Developers want to demolish 3 buildings near Hard Rock
NEW ORLEANS (AP) — The developers of a hotel that partially collapsed on the edge of the French Quarter filed permits with the city in order to take down three adjacent buildings as part of their plans to demolish the hotel.
But the Times-Picayune / The New Orleans Advocate reported that historic preservationists and at least one City Council member worry the demolition of the three buildings near the partially collapsed Hard Rock Hotel may not be necessary.
“It’s been a tragedy,” Vieux Carre Property Owners, Residents and Associates Executive Director Erin Holmes said of the collapse. He said the organization would oppose any further demolition at the site unless there is a “clear need” for their removal. “”We don’t need to continue removing the historic fabric of Canal Street.”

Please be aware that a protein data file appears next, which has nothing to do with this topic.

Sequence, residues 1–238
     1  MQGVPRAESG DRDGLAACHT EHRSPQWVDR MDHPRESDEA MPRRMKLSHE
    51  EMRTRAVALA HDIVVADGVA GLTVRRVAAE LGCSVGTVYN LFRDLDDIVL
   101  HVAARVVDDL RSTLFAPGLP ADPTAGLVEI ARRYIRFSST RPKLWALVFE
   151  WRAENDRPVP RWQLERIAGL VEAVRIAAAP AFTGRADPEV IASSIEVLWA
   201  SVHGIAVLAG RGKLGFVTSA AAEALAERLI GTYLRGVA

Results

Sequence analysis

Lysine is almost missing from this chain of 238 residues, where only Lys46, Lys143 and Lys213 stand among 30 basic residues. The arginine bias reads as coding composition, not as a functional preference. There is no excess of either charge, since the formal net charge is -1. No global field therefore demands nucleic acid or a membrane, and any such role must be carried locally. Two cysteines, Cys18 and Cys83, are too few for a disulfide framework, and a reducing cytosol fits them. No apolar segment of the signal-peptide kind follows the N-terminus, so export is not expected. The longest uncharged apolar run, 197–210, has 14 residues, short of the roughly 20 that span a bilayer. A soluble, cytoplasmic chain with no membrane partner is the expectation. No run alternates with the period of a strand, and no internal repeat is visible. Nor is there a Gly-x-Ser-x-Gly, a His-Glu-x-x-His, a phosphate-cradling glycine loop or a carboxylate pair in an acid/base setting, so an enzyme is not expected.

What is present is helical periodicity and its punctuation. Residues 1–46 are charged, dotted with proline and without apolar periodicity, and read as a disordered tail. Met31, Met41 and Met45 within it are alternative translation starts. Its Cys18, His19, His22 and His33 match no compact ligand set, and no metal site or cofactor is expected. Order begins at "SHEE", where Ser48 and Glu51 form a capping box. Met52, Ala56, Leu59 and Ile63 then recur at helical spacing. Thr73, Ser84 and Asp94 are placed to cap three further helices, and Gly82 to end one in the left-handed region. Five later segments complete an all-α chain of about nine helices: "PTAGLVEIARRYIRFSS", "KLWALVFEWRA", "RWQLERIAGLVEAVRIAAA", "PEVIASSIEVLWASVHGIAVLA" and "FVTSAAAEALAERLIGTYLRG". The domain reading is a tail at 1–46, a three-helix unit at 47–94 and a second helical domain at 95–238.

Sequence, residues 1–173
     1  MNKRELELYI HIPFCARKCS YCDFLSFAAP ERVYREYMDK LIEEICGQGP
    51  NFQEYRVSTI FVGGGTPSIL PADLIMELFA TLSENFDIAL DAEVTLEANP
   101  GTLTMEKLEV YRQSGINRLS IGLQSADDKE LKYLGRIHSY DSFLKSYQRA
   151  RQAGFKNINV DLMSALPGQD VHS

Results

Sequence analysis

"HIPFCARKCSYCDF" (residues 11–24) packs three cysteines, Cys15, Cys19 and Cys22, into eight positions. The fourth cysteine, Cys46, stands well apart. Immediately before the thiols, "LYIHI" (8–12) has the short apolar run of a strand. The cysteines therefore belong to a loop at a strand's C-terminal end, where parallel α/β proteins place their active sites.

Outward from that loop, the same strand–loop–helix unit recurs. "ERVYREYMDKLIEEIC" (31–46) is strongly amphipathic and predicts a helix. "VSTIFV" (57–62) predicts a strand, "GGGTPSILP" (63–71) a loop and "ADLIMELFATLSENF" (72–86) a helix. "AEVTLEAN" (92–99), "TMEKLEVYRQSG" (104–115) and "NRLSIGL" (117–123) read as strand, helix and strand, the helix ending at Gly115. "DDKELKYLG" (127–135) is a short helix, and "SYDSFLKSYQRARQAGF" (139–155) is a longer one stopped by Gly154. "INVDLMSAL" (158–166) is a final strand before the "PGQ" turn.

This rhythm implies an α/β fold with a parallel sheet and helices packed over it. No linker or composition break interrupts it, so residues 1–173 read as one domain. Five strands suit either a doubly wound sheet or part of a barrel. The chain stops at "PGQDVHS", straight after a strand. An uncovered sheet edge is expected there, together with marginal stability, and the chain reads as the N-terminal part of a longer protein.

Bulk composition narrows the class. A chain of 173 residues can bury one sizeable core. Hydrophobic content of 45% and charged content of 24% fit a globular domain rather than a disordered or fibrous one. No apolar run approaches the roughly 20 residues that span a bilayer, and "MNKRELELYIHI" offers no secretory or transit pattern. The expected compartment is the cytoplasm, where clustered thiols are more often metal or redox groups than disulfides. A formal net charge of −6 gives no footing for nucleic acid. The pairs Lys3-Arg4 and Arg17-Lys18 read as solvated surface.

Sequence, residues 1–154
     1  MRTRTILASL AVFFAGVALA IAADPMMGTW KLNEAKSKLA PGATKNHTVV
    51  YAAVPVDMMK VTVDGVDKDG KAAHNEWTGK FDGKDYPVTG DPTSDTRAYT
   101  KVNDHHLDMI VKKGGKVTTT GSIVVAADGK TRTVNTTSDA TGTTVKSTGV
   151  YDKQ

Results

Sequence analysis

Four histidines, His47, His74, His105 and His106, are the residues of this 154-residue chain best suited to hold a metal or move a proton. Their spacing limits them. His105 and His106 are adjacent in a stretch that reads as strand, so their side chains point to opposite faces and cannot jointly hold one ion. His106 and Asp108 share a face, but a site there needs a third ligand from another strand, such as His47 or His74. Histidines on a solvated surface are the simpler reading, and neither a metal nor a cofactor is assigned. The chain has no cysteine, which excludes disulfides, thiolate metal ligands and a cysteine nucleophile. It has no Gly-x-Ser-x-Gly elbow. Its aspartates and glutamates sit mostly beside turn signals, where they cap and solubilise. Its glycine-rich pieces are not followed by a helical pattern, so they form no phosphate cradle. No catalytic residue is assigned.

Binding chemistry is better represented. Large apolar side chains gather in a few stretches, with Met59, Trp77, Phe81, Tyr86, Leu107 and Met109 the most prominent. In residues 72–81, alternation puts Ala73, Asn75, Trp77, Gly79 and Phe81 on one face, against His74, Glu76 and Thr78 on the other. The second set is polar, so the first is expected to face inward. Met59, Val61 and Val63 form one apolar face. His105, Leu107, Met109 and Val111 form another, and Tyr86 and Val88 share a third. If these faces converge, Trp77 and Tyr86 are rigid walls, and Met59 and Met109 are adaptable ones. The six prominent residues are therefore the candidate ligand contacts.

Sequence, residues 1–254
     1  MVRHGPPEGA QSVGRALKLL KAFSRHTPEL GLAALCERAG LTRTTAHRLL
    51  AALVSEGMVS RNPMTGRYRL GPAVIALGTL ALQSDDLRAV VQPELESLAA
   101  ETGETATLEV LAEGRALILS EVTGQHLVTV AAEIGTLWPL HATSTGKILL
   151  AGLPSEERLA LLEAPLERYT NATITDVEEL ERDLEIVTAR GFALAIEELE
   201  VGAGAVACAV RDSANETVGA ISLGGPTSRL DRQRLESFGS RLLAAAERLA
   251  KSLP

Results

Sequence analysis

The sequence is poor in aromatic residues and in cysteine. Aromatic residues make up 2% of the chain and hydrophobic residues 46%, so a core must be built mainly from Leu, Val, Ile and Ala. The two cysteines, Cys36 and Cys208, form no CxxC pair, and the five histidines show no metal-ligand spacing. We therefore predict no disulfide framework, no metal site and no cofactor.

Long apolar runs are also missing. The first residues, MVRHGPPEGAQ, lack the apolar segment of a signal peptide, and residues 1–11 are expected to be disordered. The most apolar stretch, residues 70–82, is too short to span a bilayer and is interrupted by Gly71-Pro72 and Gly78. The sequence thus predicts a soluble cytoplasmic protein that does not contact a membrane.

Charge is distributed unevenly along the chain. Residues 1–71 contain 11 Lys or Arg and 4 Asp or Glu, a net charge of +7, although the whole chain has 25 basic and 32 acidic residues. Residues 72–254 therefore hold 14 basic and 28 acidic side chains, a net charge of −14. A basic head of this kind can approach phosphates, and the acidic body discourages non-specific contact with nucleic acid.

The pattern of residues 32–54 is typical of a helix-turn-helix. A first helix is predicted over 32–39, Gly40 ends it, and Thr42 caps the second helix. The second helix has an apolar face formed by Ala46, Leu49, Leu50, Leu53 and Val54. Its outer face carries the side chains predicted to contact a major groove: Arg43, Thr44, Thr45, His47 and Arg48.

The proposal involves tearing down two buildings on Canal Street and one on Iberville Street. The buildings survived the collapse and are owned by the major partners in the hotel project.
The permit requests were filed earlier this month. According to the filings, it is necessary to tear down the buildings “to facilitate demolitions operations and planning” at the Hard Rock site.
A representative for the business group behind the Hard Rock project did not respond to the newspaper’s requests for comment.
The upper floors of the Hard Rock Hotel collapsed on Oct. 12 as the hotel was under construction. Three workers were killed. The remains of two of the workers are still in the building.
Officials had first planned to bring down the hotel’s remains using controlled demolitions. Then the plans were changed after concerns the implosions would damage nearby buildings. Now, the building will be demolished in a longer process by which the remains will be shored up and then the building taken apart piecemeal.
A spokesperson for the mayor’s office said the developers hadn’t yet turned in a complete demolition plan explaining how getting rid of the adjacent buildings would be part of the hotel demolition.
Kristin Gisleson Palmer, the councilwoman who represents the area where the site is located, said she has raised her worries about the plan to the mayor’s office.